Gen Z is the most materialistic living generation

September 14, 2022, 7:26 PM UTC
Gen Z content creator records content on mobile phone.
The ability to afford material goods is motivating Gen Z to achieve financial success more than any other generation.
Xavier Lorenzo—Getty Images

In a generational riff on a Madonna classic, “We are living in a material world, and Gen Z is a material girl.”

The desire to easily afford material goods is driving 45% of the generation to achieve financial success, according to Bank of America’s new Better Money Habits report that surveyed over 1,000 adults. They’re the generation most likely to feel this way—only 34% of millennials and 30% of Gen X and boomers each feel similarly.

Dreaming of being able to own a fancy sports car or designer handbag is partly emblematic of the idealistic twentysomething life stage, in which typically broke young adults envision a future rich life. But it’s also a sign of how much Gen Z is struggling in today’s economy—when affording the necessities of life like rent and food is already so out of reach, being able to one day have enough discretionary income to buy the wants of life seems like a pipe dream.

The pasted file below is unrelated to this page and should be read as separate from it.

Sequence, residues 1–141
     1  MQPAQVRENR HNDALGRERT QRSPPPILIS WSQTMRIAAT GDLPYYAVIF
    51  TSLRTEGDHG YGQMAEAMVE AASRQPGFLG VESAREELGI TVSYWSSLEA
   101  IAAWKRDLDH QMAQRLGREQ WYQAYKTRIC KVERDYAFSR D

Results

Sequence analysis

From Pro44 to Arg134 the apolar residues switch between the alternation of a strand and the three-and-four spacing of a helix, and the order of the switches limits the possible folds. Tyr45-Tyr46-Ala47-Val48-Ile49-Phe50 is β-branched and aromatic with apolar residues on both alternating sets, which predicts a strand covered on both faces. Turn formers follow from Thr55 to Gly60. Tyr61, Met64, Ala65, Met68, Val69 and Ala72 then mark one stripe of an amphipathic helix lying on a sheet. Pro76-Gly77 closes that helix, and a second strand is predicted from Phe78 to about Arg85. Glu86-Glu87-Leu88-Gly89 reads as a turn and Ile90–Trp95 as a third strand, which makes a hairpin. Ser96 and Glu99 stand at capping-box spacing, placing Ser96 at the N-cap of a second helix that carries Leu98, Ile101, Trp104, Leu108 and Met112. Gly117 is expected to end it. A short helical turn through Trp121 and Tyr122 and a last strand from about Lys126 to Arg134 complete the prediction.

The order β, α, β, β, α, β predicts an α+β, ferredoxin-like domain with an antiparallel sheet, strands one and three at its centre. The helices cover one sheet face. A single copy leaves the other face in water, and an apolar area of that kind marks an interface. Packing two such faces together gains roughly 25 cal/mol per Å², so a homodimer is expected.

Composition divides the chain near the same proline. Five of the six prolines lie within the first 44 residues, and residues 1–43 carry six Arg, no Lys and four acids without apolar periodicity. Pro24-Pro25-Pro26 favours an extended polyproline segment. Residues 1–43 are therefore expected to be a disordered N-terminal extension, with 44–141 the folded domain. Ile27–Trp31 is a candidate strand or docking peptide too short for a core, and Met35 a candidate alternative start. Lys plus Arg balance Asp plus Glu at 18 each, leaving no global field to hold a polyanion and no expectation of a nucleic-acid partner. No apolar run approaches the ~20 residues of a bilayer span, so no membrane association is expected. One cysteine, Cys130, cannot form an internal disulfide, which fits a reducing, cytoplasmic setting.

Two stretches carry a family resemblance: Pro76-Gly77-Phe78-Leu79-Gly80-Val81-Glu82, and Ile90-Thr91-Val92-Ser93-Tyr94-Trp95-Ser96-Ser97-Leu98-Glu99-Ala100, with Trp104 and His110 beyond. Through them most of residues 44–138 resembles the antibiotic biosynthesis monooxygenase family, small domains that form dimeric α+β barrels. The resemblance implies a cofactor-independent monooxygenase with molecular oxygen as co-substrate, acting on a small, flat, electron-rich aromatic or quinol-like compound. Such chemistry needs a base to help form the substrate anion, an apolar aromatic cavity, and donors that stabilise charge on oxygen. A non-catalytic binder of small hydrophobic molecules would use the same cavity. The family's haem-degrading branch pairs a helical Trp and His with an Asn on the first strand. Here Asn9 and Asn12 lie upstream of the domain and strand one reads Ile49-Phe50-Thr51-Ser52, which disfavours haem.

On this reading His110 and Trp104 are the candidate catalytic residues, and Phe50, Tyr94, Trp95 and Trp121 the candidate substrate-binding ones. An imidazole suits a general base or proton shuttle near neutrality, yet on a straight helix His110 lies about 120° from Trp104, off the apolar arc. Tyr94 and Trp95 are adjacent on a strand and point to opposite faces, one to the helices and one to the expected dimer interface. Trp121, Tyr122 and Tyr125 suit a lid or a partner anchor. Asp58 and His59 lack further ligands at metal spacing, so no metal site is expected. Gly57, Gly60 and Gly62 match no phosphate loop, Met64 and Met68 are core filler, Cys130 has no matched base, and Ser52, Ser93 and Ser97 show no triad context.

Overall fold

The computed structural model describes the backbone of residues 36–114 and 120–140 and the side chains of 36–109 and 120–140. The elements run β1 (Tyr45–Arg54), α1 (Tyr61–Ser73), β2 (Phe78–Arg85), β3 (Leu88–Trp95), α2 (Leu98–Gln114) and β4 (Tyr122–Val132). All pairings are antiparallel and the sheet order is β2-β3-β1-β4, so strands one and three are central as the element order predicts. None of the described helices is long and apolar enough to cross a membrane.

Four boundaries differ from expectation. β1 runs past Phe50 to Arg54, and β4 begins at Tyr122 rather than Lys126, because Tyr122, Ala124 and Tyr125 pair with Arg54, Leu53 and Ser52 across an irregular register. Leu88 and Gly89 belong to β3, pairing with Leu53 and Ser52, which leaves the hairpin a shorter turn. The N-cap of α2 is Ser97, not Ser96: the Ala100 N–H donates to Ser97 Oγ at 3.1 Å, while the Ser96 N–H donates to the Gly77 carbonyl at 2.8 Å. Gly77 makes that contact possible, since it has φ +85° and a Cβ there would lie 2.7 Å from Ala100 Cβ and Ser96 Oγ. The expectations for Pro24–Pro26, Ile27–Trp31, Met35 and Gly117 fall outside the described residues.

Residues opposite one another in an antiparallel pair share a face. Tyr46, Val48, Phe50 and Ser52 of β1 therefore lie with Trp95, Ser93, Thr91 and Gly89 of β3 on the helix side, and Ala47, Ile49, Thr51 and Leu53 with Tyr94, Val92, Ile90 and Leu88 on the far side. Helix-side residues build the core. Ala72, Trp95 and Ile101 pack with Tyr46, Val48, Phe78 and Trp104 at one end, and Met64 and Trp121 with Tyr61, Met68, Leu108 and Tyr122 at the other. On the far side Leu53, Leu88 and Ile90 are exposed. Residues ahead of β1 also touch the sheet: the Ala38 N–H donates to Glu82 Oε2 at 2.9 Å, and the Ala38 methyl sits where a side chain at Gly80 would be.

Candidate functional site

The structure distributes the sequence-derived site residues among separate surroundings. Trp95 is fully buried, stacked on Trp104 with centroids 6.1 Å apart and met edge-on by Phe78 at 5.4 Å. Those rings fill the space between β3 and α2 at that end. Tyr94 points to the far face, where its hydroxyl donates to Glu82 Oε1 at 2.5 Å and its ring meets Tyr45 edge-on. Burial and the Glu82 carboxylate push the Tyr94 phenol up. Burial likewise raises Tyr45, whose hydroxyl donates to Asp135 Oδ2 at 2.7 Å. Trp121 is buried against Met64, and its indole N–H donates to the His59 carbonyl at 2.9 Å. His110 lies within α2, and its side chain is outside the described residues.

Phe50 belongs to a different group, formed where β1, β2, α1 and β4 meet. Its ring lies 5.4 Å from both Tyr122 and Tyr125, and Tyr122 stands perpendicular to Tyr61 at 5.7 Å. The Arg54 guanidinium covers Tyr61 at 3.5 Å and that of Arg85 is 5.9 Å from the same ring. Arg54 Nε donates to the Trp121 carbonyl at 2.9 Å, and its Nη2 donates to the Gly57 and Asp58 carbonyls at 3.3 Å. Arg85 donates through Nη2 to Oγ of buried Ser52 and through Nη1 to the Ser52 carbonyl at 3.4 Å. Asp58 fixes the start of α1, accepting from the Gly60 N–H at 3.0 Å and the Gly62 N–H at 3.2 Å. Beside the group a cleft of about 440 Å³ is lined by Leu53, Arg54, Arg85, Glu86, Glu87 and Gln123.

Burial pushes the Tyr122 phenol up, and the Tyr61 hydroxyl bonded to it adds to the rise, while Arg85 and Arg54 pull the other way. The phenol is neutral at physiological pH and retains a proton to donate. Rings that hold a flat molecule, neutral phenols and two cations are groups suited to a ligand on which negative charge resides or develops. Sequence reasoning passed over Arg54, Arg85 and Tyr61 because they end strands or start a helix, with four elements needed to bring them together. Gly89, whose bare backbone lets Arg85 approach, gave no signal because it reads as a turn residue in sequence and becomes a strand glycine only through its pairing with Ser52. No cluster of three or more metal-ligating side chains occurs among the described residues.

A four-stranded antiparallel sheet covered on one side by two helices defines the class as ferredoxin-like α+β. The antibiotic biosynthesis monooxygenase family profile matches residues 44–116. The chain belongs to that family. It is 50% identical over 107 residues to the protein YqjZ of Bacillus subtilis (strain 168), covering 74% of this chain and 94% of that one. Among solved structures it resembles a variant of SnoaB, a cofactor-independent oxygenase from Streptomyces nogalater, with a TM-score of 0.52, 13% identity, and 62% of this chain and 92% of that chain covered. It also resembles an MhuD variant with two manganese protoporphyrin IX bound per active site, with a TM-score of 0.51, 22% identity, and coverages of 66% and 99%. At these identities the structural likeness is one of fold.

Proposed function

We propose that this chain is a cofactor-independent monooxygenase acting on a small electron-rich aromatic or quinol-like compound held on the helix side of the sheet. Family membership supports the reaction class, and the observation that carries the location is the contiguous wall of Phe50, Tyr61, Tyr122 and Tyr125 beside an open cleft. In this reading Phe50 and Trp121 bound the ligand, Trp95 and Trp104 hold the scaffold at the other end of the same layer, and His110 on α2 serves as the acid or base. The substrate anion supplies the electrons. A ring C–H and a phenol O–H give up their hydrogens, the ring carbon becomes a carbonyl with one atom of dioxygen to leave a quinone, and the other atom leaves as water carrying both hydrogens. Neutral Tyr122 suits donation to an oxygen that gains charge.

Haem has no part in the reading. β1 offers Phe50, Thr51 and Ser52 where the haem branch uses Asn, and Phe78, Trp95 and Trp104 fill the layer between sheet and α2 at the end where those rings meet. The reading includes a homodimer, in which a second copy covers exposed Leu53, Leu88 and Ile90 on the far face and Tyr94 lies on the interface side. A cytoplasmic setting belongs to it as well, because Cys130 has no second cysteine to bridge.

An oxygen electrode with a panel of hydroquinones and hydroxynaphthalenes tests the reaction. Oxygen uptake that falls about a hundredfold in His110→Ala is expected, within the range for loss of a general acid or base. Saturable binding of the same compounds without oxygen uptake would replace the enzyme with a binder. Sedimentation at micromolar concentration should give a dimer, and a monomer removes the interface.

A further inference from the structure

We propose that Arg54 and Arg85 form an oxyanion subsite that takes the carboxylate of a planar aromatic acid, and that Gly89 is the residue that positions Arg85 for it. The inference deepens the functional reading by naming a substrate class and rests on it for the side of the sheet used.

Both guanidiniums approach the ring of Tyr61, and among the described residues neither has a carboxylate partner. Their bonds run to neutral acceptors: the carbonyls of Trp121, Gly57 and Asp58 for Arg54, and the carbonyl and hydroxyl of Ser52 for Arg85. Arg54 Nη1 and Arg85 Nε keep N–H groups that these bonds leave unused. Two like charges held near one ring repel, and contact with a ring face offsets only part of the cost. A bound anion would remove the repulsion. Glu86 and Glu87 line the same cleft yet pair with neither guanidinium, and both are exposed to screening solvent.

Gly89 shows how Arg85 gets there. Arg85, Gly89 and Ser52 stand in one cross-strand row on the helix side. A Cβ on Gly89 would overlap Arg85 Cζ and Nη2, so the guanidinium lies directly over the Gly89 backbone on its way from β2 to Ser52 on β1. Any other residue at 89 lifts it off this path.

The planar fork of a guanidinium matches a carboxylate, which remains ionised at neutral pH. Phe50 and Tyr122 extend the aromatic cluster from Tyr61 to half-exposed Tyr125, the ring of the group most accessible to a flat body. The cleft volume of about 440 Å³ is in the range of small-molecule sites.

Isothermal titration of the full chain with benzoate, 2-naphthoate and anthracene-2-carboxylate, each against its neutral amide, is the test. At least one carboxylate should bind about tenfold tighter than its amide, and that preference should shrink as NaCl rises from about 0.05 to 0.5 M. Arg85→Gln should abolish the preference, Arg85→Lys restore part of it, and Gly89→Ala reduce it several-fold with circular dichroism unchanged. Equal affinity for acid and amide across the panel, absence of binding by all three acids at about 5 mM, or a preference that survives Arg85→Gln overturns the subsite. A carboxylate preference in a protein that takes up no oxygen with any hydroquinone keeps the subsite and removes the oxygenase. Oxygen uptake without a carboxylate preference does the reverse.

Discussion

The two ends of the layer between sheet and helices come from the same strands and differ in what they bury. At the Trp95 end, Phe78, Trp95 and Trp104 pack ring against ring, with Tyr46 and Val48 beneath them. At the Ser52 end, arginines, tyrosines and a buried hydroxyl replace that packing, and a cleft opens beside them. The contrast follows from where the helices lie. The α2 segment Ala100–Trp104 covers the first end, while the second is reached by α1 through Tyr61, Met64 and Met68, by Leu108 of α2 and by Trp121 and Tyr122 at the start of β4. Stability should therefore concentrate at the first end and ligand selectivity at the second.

With the eldest of Gen Z just beginning their careers, many are on entry-level salaries. Most, still in school, are likely earning no salary at all. It means that record-high inflation has hit the generation harder than older individuals who have been saving for years.

The majority of Gen Zers (73%) told Bank of America that the economic environment has made it challenging to save, with many citing the economy and inflation as a top financial stressor. More than half of Gen Zers (59%) said that inflation made it more difficult to save for future financial milestones. The soaring cost of housing and rent is a particular pain point, with 40% saying it’s dampened their ability to afford day-to-day necessities. 

And 43% said inflation made paying down debt harder. Almost half of the generation has debt, making it a struggle to prepare for long-term goals such as investing, creating an emergency fund, or saving for retirement. They want to pay it off so badly that, per the report, they would give up pizza and chocolate for a year or their cell phone for a month.

Instead, they’re being more practical about their economic challenges: Three-fourths are taking on side gigs to earn extra cash and more than one-third are considering changing careers in order to manage their financial worries. It explains why Gen Z is job-hopping at much higher rates than other generations, with a better salary the top motivator.

But it’s not just dreams of being able to buy luxury goods fueling their quest for money. Three-quarters of Gen Zers just want to achieve “financial peace of mind,” per the Bank of America report.

They’re determined to reach their financial goals: Two-thirds are actively saving for the future, and 58% are feeling financially optimistic. Maybe one day they’ll be able to treat themselves to a house or, in the meantime, tide themselves over with thrifted baby tees.

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